# Jordan curve theorem

Illustration of the Jordan curve theorem. The Jordan curve (drawn in black) divides the plane into an "inside" region (light blue) and an "outside" region (pink).

In topology, the Jordan curve theorem states that every non-self-intersecting loop in the plane (also known as a Jordan curve) divides the plane into an "inside" and an "outside" region, and any path connecting a point of one region to a point of the other intersects that loop somewhere.

## Theorem and proof

The precise mathematical statement is as follows.

Let c be a simple closed curve (i.e. a Jordan curve) in the plane R2. Then the complement of the image of c consists of two distinct connected components. One of these components is bounded (the interior) and the other is unbounded (the exterior). The image of c is the boundary of each component.

The statement of the Jordan curve theorem seems obvious, but it was a very difficult theorem to prove. It was easy to establish the result for simple curves such as polygonal lines but the problem came in generalising it for all kind of curves which included nowhere differentiable curves such as the Koch snowflake. The theorem also holds for Jordan curves on the sphere, but not on the torus.

The first to formulate a version of the theorem, observing that it was not a self-evident statement but one requiring proof, was Bernard Bolzano. The first to present a proof was Camille Jordan in his book series Cours d'analyse de l'École Polytechnique (1882-7), after whom the theorem is named. Jordan's proof was however judged unsatisfactory by many mathematicians and it was Oswald Veblen who gave the first widely accepted proof in 1905. Several alternative proofs, some considerably simpler (but still relatively complex for such a seemingly simple statement) have been found since then.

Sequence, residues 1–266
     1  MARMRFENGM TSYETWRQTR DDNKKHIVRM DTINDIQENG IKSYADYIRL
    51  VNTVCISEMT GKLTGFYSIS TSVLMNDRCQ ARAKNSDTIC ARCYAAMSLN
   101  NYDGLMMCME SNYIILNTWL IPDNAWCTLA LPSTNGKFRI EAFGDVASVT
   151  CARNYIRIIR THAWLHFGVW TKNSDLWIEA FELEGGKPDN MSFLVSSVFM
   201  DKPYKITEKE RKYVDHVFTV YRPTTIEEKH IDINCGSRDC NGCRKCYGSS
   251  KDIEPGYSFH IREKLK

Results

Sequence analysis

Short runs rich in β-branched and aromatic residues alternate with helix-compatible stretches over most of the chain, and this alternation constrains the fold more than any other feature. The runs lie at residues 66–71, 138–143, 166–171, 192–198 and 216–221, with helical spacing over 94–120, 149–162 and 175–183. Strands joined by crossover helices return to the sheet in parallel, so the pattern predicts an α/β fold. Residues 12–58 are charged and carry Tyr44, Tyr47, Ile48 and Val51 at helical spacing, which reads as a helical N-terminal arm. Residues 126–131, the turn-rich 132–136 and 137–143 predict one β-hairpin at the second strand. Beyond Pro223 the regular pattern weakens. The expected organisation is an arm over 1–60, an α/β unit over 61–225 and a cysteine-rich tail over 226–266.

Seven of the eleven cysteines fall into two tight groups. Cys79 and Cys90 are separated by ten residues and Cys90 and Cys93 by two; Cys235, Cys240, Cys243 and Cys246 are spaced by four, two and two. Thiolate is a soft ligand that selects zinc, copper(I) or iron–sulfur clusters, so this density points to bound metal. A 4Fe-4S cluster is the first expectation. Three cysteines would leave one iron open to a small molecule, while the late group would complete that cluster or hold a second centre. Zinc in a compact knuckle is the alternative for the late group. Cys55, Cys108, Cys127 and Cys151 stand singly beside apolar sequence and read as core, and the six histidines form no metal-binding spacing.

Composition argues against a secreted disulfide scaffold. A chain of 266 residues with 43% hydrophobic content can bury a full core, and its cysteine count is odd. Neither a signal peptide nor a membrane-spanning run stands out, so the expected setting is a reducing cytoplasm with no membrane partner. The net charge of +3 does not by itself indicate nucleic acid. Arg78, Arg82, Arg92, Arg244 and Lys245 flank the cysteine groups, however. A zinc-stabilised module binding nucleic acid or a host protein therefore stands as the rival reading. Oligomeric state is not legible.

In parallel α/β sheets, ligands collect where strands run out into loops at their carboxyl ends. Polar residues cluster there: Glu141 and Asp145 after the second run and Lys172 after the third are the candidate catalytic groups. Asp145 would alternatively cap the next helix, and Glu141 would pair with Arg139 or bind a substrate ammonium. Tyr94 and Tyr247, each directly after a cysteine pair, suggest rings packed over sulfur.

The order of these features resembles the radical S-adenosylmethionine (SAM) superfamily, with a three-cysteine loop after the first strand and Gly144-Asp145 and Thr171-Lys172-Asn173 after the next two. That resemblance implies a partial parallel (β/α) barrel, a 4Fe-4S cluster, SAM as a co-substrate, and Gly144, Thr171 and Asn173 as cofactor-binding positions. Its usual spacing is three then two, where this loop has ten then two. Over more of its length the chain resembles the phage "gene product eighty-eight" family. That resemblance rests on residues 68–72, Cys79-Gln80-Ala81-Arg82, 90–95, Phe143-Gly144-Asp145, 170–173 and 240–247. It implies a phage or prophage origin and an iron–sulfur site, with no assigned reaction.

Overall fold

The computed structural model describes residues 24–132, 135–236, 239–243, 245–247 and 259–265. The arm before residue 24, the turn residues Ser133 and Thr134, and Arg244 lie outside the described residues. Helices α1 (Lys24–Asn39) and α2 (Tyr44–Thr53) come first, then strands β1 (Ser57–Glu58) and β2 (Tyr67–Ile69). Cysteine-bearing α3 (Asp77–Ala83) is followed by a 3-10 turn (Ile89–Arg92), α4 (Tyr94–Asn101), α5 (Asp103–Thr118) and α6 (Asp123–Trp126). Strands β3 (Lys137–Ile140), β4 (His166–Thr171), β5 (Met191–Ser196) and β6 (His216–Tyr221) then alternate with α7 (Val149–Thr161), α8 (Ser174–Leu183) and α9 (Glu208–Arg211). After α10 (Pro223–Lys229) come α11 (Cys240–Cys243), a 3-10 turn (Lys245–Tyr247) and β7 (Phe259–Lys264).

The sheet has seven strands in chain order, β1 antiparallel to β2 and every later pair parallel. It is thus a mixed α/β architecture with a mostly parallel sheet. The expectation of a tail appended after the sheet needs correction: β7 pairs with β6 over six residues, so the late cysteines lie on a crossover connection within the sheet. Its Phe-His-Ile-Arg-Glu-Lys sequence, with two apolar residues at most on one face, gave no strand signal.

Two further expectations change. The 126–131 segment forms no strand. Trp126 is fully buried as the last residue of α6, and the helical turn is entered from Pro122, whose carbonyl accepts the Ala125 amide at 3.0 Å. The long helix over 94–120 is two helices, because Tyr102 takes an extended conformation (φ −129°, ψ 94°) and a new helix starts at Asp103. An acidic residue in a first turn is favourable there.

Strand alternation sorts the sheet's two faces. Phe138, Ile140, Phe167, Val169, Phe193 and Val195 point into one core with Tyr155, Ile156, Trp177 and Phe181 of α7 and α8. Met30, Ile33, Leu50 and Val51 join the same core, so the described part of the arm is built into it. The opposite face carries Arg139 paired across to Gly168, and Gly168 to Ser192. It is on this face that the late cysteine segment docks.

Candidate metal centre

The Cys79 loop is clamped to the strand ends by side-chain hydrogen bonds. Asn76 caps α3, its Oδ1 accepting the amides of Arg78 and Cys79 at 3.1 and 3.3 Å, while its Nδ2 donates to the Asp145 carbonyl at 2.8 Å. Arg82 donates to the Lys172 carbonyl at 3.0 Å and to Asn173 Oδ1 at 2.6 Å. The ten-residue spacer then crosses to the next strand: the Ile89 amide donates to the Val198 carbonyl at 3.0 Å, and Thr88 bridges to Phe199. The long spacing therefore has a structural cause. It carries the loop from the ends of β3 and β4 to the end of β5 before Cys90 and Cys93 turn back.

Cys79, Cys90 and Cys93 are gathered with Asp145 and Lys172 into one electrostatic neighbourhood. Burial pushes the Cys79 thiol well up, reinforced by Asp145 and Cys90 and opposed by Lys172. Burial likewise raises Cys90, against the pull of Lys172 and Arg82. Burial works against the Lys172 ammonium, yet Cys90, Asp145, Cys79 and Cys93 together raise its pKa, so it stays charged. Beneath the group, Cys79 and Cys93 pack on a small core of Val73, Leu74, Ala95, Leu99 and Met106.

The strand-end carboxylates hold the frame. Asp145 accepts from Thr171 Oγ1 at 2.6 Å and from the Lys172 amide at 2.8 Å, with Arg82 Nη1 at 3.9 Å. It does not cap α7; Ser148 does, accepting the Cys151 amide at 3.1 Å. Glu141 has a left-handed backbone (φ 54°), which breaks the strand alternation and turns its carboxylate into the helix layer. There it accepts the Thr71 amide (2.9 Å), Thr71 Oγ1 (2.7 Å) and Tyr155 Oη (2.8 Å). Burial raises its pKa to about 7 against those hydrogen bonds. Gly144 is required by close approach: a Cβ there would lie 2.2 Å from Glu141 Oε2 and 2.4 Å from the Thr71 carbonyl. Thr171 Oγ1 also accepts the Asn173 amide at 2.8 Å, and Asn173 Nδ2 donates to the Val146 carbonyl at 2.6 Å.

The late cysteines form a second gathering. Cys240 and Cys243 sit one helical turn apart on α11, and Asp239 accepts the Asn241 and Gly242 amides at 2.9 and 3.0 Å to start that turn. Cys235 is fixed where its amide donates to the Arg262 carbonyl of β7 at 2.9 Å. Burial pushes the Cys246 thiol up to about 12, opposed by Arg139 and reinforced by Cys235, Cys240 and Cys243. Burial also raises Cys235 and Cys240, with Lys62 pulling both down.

A rigorous 6,500-line formal proof of the Jordan curve theorem was produced in 2005 by an international team of mathematicians using the Mizar system. This was actually the second formally verified proof of the Jordan curve theorem. The first formal proof was done by Thomas Callister Hales in the HOL Light system several months earlier, in January 2005. The HOL Light proof script has ca. 60,000 lines, however both the Mizar and the HOL Light proof rely on libraries of previously proved theorems, so these two sizes are not comparable. Hales' work is a part of a larger Flyspeck project aimed at formal verification of his proof of the Kepler conjecture.

## Specializations

Particularly useful special cases of the theorem are when the simple, closed curve is polygonal or smooth. These cases can be proven easily.

## Generalizations

There is a generalisation of the Jordan curve theorem to higher dimensions.

Let X be a continuous, injective mapping of the sphere Sn into Rn+1. Then the complement of the image of X consists of two distinct connected components. One of these components is bounded (the interior) and the other is unbounded (the exterior). The image of X is their common boundary.

There is another generalisation of the Jordan curve theorem, called the Jordan–Schönflies theorem, which states that any Jordan curve in the plane, viewed as a mapping of the circle S1 into the plane R2, can be extended to a homeomorphism of the plane. This is a much stronger statement than the Jordan curve theorem. This generalisation is false in higher dimensions, and a famous counterexample is Alexander's horned sphere. The unbounded component of the complement of Alexander's horned sphere is not simply connected, and so the mapping of Alexander's horned sphere cannot be extended to all of R3.

Another generalization of the Jordan curve theorem states that if M is any compact, connected boundaryless n-dimensional sub-manifold of Rn+1, then M separates Rn+1 into two regions: one compact, the other non-compact.

## References

• Oswald Veblen, Theory on plane curves in non-metrical analysis situs, Transactions of the American Mathematical Society 6 (1905), pp. 83–98.
• Ryuji Maehara, The Jordan curve theorem via the Brouwer fixed point theorem, American Mathematical Monthly 91 (1984), no. 10, pp. 641–643.